Whenever you spend a significant amount of time in close proximity with someone else it’s inevitable that you both are going to experience frustration. Perhaps that’s part of the reason why family vacations go wrong so easily – you’re all trapped in a car or a hotel room for extended periods of time, and you just start to get on each other’s nerves. It’s also why the first year of college can be tough sometimes – it’s because for many of us it’s the first time we’ve had someone like a roommate consistently in our immediate space.
And, of course, it’s one of the most basic reasons why marriage, particularly early in a marriage, can be frustrating. Suddenly you are living side by side with someone who does the dishes differently than you, chews their food differently than you, and expects different things from relationships from you. Frustration is natural. But because marriage is about more than a feeling or an emotion, you work through the frustration in love and grace. You do so because you are committed.
But there are some patterns of thinking and therefore behavior, I think, that if are consistently present in a marriage, will move that relationship well beyond the normal frustration that can come. What are these patterns? Let me suggest three:
1. Serve your spouse, but expect paybacks.
Our sense of entitlement runs very deep. One of the places it becomes apparent is in marriage when we insist, either consciously or subconsciously, on a system of paybacks. Here’s how it works:
You do something kind for your spouse. Maybe you make their lunch along with yours to take to work. Or maybe you offer to stay alone with the kids so they can go to a movie. Or maybe you just pick up the dish duty one night after dinner. But then you hold onto that thing you’ve done for another like a card to be played. You have served them, and you have the expectation that they will follow suite; after all, they owe you now. Your spouse might not even know you have this expectation, and you might not even tell them, but you still hold onto the card. And the longer you hold onto it, the more bitter and frustrating your entitlement turns. This should not be so for a marriage that is built on common experience with the gospel.
For in the gospel we have a Savior who did not come to be served, but to serve, and to give His life as a ransom for many. And He does this service, even unto death, not because of our merit but because of grace. This grace does not demand a payback, for then it would cease to be grace.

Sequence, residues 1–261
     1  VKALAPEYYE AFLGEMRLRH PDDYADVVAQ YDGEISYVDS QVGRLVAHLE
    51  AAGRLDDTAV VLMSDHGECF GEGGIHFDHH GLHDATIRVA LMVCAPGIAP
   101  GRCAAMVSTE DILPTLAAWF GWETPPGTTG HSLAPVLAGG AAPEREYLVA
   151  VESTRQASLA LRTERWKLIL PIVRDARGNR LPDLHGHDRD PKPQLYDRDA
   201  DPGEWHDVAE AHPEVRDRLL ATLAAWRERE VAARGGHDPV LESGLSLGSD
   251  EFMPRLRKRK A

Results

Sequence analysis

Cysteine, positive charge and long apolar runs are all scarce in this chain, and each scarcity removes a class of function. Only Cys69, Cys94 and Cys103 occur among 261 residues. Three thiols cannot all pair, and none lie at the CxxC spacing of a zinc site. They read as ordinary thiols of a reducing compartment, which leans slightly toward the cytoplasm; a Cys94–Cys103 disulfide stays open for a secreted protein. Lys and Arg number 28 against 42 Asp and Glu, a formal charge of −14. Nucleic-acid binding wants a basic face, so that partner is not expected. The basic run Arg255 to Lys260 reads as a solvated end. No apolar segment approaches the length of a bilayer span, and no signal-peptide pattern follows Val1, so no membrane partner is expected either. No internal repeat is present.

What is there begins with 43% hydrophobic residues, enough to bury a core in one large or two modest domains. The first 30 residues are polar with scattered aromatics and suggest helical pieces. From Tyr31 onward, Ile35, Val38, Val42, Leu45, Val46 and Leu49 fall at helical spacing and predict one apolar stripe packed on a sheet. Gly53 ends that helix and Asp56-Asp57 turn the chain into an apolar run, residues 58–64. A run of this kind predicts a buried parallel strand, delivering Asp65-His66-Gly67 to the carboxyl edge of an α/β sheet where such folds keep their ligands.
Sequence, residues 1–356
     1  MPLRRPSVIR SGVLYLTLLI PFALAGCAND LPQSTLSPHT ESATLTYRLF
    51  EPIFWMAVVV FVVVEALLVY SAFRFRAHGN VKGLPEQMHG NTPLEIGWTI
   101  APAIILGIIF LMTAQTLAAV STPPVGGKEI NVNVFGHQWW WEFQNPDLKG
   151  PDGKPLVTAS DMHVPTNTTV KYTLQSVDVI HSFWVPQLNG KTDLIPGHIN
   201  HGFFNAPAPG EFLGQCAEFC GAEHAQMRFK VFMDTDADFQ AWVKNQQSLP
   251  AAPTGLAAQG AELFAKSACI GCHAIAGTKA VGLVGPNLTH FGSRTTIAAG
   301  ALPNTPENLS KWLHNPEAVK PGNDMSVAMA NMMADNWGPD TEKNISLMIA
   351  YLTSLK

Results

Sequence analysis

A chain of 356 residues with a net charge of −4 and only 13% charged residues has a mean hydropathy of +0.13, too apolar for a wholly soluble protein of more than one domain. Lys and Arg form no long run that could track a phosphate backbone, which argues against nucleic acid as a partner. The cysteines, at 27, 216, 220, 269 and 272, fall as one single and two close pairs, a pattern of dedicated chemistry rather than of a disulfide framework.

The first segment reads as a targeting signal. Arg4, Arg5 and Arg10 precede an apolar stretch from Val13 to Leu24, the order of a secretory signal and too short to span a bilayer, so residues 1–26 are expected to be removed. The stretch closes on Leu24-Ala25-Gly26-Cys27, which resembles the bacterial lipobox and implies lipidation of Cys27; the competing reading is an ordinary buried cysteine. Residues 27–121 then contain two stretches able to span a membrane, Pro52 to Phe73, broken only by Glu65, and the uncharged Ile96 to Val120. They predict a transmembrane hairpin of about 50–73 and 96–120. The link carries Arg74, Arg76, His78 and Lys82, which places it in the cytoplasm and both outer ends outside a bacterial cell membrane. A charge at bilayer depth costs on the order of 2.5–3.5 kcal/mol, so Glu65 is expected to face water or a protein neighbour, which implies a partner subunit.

2. Apologize using the word “but…”
An apology has a disingenuous ring to it when it’s colored with explanation and justification. An “I’m sorry, but…” is really not an apology at all; it’s speaking out of both sides of our mouth. It is a refusal, at some level, to own the full culpability of what we did. It’s true in every relationship, but maybe most acutely in marriage. That’s because in our marriages, we know each other deeply. Intimately. Because we do, we know how to deeply and intimately hurt our spouses. Sometimes we do that. And when we do, we must truly apologize.
In a marriage built on the gospel, this can happen. Because Jesus has already owned the ultimate penalty of our sin, we can own the fault in our sin against another. And we can do without equivocation or explanation. In a way, the gospel simplifies our apologies because it boils them down to an absolute ownership of what we did wrong. Only the confidence that comes in knowing one is justified before God can free a person to stand up and fully acknowledge what they have done.
3. Stop assuming you and your spouse are on the same team.
As a general rule, it’s not a good thing to make assumptions. But there are exceptions to that rule, and this is one of them. We can – and I believe we should – assume that we are on the same team as our spouse. No matter what happens in life, job, or parenting, we are of the same mind. The same heart. The same flesh.
When we are tempted to be frustrated with each other, when we are tempted to selfishly pursue our own ends, when we are tempted to criticize or perhaps even stray from our vows, we remember that we are on the same team. We have the same objectives. We are working not alone, but together. Frustration surely sets in when we lose this assumption and instead replace that assumption with the opposite one – that we are on the opposite team as one another.
Again, in a marriage built on the gospel, we are each empowered to forego our own agenda. To put aside our own interests and work for the good of another. To be about more than ourselves.
Some amount of frustration is inevitable in marriage. The gospel doesn’t change that. It does change, though, how we respond to it and how we shape the patterns of thinking in behavior in our homes.